Some stores take only 5 seconds, others can take over an hour. Typically it takes about 5 minutes for an associate to recognize him.

Going Around in Circles

They do 360 feedback as a way of providing Home Depot officers and managers with insights into their leadership style.

Establish Ties That Bind – and Strengthen Them

Trust is important, we must rely on each other. Rapid company growth can make trust difficult to establish.

Shut Up and Show Them What You Want

Look for opportunities to teach by showing. Don’t just tell them what to do, show them.

Hire the Best

There is an aversion is most organizations. and among most managers, to hiring people who are smarter than they are.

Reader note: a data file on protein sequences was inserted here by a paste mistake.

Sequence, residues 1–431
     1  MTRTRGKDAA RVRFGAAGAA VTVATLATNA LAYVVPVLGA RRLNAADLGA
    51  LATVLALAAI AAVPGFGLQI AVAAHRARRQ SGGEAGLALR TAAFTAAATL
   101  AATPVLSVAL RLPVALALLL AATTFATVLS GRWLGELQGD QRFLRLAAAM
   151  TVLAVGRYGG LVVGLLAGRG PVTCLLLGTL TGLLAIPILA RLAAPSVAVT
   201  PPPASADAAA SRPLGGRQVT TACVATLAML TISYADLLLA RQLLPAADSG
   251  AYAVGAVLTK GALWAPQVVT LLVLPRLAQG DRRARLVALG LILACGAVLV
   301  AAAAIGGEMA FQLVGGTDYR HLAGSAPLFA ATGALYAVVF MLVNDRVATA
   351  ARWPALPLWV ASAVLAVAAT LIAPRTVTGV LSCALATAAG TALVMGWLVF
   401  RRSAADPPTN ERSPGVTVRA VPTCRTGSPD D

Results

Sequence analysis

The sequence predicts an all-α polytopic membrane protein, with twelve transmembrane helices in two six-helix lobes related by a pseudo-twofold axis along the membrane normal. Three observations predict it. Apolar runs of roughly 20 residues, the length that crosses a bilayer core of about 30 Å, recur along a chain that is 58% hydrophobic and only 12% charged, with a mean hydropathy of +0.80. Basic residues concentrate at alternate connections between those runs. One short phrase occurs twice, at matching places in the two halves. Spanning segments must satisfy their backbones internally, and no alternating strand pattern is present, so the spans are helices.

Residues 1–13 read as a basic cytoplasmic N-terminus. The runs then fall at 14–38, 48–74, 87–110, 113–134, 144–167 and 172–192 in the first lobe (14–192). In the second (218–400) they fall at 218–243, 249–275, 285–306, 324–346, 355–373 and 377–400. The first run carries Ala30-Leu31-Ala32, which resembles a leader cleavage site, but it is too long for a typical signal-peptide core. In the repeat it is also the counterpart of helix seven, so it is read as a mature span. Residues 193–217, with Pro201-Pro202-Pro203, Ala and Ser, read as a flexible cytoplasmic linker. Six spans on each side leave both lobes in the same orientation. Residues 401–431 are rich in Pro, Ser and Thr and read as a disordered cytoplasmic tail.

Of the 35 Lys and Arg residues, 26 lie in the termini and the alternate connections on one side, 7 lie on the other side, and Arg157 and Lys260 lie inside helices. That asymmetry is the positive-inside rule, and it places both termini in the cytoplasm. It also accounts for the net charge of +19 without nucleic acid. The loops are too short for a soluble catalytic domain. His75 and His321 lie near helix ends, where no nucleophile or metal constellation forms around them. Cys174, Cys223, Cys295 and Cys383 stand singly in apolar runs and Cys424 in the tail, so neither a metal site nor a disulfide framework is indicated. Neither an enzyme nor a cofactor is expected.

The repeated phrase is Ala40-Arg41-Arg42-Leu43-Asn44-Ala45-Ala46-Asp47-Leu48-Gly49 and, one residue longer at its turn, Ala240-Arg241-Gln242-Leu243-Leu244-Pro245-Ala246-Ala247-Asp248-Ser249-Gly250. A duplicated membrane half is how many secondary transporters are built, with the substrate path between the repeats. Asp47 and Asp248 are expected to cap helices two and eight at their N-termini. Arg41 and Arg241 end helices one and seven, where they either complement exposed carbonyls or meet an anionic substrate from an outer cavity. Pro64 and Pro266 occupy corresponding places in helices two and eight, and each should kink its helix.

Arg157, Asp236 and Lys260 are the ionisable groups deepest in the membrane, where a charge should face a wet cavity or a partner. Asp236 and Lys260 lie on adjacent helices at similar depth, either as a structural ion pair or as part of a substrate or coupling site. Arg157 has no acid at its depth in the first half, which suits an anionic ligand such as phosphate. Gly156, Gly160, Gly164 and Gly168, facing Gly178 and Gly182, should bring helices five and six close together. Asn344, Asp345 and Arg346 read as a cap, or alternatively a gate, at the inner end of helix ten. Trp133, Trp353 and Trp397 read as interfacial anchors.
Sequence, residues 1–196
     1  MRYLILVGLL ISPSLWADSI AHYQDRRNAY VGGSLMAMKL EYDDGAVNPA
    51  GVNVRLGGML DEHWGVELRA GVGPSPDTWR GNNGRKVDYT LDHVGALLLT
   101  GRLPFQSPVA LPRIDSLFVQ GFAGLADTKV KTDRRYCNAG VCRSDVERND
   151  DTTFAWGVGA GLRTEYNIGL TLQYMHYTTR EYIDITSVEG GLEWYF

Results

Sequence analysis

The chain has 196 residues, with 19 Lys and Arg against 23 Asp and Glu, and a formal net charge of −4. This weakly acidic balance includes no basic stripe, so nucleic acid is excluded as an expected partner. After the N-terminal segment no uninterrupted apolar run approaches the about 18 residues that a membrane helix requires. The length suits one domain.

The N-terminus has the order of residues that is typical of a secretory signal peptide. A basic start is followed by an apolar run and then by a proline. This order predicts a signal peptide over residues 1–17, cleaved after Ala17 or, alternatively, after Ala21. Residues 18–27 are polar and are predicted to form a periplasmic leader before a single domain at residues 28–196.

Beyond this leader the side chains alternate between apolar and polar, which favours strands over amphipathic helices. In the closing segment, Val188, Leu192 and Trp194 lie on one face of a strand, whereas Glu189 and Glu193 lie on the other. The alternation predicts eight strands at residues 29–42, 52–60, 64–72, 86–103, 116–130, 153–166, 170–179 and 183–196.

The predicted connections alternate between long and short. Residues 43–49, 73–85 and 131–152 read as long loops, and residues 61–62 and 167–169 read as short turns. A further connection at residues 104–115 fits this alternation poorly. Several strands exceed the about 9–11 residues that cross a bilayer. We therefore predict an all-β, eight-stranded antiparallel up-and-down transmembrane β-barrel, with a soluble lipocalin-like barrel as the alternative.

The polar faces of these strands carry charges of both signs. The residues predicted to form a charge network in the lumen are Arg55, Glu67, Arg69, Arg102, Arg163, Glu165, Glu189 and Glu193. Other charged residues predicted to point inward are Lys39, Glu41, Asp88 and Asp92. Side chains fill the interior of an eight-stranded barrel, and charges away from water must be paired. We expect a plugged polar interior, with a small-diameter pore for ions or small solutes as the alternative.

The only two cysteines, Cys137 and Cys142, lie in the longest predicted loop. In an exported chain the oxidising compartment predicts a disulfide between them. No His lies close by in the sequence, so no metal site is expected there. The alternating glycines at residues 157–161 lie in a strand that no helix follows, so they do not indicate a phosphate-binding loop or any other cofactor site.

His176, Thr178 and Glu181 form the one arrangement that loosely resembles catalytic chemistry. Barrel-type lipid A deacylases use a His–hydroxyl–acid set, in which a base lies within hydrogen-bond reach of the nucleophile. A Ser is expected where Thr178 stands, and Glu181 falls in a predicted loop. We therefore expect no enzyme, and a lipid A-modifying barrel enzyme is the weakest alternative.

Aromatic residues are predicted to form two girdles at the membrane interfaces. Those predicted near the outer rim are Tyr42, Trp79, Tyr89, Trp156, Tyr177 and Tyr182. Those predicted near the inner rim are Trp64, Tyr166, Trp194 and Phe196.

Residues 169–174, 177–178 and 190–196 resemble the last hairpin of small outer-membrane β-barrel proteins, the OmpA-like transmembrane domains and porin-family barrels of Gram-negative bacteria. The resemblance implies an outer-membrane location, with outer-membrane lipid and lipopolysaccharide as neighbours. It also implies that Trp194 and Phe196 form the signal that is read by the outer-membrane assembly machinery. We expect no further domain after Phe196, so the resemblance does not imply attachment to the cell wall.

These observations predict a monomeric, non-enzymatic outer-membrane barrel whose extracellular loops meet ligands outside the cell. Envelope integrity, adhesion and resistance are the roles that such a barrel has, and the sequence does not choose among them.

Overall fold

Hire the best people. Don’t just hire good people and let their potential go to waste. Give up responsibility and authority to them. Challenge them to surpass you.

Insecure people are afraid to hire smarter people.

Inverted Pyramid

home-depot-inverted-pyramid

The Future

Five Categories of Growth The Home Depot (from 1997 plan)

  1. Continued expansion of the core business
  2. Increased sales to professional customers
  3. International expansion
  4. Specialty store expansion
  5. Convenience stores

As long as you aren’t fighting over values, difference helps you grow.

We tell our people that your job is to train people to be even better than you. We need to judge ourselves not on the quality of work we do today, but on the quality of people we train to lead us tomorrow.

Related Book Summaries

Hope you enjoyed this and got value from my notes.
This is the 35th book read in my 2020 reading list.
Here is a list of all my book summaries.